Early medieval art: c. 500-800 C.E.

In the fifth century C.E., people from tribes called Angles, Saxons and Jutes left their homelands in northern Europe to look for a new home. They knew that the Romans had recently left the green land of Britain unguarded, so they sailed across the channel in small wooden boats. The Britons did not give in without a fight, but after many years the invaders managed to overcome them and were to rule for over 500 years.

Belt Buckle, Sutton Hoo, early 7th century, gold, 13.2 x 5.6 cm © Trustees of the British Museum
Excavated in 1939, this 7th-century grave once held a hoard of metalwork, all buried within a 27-meter long ship!

Sutton Hoo Ship Burial

The Sutton Hoo purse lid- detail
Rendered in gold and garnet, the enigmatic animals on this purse lid stand out above white bone.

The Sutton Hoo purse lid

The Sutton Hoo helmet, early 7th century, iron and tinned copper alloy helmet, consisting of many pieces of iron, now built into a reconstruction, 31.8 x 21.5 cm (as restored) © Trustees of the British Museum
Restored, dismantled, and restored again, this helmet was a pile of rusted iron and tinned bronze when first discovered.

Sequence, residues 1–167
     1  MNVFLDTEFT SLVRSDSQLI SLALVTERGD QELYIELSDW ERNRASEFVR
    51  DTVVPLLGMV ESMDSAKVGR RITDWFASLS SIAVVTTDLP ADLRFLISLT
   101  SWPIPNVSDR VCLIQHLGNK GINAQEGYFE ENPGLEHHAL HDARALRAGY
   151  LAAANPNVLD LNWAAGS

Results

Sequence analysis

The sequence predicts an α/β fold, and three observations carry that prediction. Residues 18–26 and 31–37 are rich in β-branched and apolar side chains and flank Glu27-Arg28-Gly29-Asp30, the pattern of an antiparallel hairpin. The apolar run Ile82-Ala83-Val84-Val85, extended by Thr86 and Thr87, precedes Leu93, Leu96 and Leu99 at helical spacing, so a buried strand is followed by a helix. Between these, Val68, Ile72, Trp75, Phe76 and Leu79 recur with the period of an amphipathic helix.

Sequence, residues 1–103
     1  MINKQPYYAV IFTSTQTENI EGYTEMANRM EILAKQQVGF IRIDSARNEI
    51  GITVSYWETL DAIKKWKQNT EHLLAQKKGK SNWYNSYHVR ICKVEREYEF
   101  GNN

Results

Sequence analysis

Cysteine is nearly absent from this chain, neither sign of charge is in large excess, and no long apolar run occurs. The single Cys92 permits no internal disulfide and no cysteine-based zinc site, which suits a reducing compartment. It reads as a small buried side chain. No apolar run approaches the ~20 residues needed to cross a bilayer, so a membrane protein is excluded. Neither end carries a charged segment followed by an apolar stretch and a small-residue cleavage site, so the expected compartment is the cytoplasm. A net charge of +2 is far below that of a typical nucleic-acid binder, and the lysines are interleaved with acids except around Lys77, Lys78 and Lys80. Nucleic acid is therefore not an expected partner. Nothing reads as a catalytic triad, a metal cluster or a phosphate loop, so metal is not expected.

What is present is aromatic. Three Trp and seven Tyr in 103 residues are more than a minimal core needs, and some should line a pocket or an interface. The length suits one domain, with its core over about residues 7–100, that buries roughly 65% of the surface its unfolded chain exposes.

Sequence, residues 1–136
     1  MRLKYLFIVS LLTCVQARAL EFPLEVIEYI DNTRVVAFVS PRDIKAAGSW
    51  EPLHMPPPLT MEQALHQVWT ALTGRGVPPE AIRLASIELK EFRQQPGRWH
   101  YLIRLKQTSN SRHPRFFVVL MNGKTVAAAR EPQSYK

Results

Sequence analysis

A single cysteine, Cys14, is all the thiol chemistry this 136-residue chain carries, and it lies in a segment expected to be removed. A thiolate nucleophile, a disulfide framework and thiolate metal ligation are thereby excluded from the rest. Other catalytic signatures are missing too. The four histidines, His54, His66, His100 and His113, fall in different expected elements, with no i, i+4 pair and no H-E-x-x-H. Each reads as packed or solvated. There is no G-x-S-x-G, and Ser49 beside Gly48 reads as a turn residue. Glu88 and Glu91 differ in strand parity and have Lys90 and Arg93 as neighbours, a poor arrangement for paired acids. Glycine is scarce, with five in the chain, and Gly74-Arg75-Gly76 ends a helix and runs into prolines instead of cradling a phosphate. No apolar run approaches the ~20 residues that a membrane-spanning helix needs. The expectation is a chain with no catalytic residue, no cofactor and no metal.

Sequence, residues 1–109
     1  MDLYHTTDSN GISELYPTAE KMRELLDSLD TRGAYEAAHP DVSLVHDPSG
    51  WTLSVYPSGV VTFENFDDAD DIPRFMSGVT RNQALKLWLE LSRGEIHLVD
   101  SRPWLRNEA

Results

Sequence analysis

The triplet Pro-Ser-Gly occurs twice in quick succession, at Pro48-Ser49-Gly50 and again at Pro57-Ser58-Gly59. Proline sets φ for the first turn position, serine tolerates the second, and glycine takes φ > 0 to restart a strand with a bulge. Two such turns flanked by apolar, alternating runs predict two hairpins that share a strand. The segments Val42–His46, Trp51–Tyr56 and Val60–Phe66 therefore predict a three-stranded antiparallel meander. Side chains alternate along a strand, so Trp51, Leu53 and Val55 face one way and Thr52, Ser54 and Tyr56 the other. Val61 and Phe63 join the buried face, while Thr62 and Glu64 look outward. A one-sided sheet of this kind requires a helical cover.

The Sutton Hoo helmet

Masks and scrolls adorn the square head of this silver-gilt brooch. Extravagant but functional, it fastened clothes.

Brooch from Chessell Down

Stylistic analysis of these brooches and buckles might seem straightforward, but their designs riddle even experts.

Decoding Anglo-Saxon art

After crossing the Channel and invading Britain, the Anglo-Saxons ruled for 500 years. Rings offer clues to their society.

Anglo-Saxon England

The Lindisfarne Gospels, c. 700 (Northumbria), 340 x 250 mm (British Library, Cotton MS Nero D IV) © 2019 British Library, used by permission
The “cross-carpet” pages of this early 8th-century manuscript weave together birds, knots, spirals—and the Cross.

The Lindisfarne Gospels

Crossbow brooch, c. 430, Metropolitan Museum
These ornate brooches were trendy accessories in the 5th and 6th centuries. Pin, body, and catch form a “crossbow.”